He seems a bit perplexed by my question before sighing again, “You know, I don’t really know. I started off, coming into it, from the lyrical side of things. I was originally drawn in by the lyrics, but as I’ve done it more, I’ve learned more about the musical side of things, and gotten better with that. But, it was always the lyrics for me. I think it’s just the way my favourite songs, lyrically, captured my imagination really. I liked the idea of joining in with that and trying to do it myself. You know how certain songs have a profound effect on you?”

“Yeah, of course,” I agree with him.

“I always liked the idea of creating something that had that effect on someone else. Passing on the magic of music, to spread the joy really,” he chuckles.

“It’s such a surreal feeling when you find that one song that gets the hairs standing up on the back of your neck, and you think to yourself, ‘Oh, this song is going to stick with me.’”

“Yeah, exactly.”

“So, how would you describe your lyrical style? Would you say poetic, concept, abstract?”

“Poetic, I’d like to think,” his chuckle turns into a giggle, “My style has definitely changed over the years, as well as the music. You’re constantly evolving and you develop new favourite things at different points in time. Your favourite bands change. And I go through different phases of wanting to write different types of songs. And in the same way, my lyrical style changed and definitely, there was a period in time when I was a teenager where virtually everyone in my generation wanted to be Alex Turner (from Arctic Monkeys), and went through a massive Alex Turner imitation phase.”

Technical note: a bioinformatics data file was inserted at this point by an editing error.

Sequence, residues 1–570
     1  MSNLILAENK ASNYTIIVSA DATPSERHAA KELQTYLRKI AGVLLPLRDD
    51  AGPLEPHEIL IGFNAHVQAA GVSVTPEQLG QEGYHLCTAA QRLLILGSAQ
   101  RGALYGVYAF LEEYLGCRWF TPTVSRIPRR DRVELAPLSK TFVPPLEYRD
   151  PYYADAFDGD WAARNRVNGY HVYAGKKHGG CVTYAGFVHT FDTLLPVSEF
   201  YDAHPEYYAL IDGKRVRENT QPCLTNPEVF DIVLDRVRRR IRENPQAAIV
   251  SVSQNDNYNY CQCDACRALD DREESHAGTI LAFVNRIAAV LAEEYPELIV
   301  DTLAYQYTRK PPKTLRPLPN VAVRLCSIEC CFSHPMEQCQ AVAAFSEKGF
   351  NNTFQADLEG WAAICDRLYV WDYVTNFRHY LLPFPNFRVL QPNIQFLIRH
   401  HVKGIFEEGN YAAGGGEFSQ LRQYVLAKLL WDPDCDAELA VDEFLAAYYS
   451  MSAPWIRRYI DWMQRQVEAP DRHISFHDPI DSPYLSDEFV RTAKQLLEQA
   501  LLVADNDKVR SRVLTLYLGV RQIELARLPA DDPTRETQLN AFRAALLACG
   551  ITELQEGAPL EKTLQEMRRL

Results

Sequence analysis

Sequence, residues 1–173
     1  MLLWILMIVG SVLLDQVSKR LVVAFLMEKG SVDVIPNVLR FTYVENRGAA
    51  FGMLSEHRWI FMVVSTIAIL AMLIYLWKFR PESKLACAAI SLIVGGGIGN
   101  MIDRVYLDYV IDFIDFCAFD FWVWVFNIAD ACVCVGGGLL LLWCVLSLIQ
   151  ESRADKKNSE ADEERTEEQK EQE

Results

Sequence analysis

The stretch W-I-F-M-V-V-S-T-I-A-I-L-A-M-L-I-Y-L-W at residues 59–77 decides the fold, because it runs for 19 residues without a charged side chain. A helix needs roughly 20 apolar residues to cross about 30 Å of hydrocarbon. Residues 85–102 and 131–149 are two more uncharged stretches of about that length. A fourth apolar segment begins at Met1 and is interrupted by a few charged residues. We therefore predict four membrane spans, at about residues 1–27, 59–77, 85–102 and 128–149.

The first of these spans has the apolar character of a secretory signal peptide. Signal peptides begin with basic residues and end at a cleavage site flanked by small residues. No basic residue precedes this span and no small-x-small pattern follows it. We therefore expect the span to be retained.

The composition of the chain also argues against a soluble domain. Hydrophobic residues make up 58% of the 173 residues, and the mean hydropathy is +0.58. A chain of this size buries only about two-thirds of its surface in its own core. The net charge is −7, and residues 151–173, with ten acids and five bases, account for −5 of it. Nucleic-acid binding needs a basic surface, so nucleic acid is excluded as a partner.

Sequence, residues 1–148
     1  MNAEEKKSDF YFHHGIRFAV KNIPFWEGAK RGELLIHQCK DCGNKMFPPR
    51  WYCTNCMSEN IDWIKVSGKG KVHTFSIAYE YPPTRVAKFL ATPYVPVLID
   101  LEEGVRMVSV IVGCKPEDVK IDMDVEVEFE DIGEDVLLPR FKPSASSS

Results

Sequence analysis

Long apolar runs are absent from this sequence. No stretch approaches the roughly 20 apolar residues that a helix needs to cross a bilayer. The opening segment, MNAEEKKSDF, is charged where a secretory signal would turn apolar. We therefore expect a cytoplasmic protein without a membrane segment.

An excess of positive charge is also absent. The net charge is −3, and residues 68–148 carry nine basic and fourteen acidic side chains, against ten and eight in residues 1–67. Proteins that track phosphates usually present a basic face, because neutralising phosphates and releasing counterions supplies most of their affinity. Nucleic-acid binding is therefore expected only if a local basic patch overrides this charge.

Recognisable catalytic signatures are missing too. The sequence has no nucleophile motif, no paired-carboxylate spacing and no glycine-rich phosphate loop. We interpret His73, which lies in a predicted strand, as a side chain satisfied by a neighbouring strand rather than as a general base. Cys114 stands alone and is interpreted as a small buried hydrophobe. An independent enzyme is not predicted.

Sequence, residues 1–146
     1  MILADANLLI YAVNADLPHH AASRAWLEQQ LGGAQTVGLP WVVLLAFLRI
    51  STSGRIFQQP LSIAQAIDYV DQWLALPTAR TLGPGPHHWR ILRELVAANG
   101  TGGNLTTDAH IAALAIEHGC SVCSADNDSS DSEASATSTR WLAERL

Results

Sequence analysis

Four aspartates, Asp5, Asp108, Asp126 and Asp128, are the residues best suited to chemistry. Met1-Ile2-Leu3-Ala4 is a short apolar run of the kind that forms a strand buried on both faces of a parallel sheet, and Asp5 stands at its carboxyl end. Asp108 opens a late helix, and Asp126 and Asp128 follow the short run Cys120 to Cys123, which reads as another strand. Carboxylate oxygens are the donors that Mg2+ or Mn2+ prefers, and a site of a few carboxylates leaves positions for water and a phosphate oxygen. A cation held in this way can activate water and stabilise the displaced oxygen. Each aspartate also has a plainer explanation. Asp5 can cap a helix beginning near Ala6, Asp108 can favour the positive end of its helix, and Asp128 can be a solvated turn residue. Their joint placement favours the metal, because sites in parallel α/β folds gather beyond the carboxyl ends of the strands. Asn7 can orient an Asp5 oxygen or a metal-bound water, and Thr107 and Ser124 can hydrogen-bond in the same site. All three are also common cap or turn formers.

I joke that my partner is constantly referred to as Tesco’s Finest Alex Turner which cracks him up, “But everyone goes through that phase. But it’s someone to look up to, something to aspire to. He was one of the first new wave indie musicians to come out of the UK.”

“I mean Alex Turner is brilliant at what he does, he’s one of the greatest at what he does. And it’s always great for any generation, or any scene, to have people who are that talented, that inspire people to pick it up and carry the torch. It’s definitely something I look back on,” he sighs and rolls his eyes, “And think it’s really cringey. But to be fair, I learned a lot out of it, because he’s so good and you try to be Alex Turner, and then you think, ‘Why isn’t this as good as Alex Turner?’...”

“It’s imitation, but it’s pushing yourself to be better, and to strive to be something similar.” I acknowledge and he nods.

“So, you get through that phase, at the end of the day, as much as you have a phase of wanting to be someone else, or wanting to be like someone else, or wanting to capture that… ultimately, what you want is to be yourself and you want to find out who and what yourself is. And the Alex Turner influence is actually just one of many, and when I finished, and emerged from the other end of that phase, and brought in other different influences… and I’m constantly the centre of a kind of Venn diagram, where different artists and influences cross over. But I would say nowadays… well, I certainly went through a phase in the last couple of years, trying to make everything really psychedelic.”

“I could tell, I could tell in your most recent release specifically. I liked the guitars and how psychedelic they sounded with the effects. Not only the lyrics but the guitars and instruments sounded.”

“I mean, we wanted to make everything about it as psychedelic as possible really.”

“Why is that?”

“We all kind of stumbled upon it at the same time. When we went to Uni,” he chuckles, “No further comment on that.”

“You don’t need to say anything else. Just ‘We went to Uni.’ Full stop.” He laughs.

We continue to talk about the band’s exploration of the psychedelic genre after growing up with an interest in indie rock, discussing how things work in the studio and collaboration within the band. Tom Fuller was incredibly open and honest, bringing a sense of normality and humility throughout the entire interview. The Setting Sun EP was fantastic, and I wonder what’s going to come next for THE CALLS.

You can stream the EP on Soundcloud here.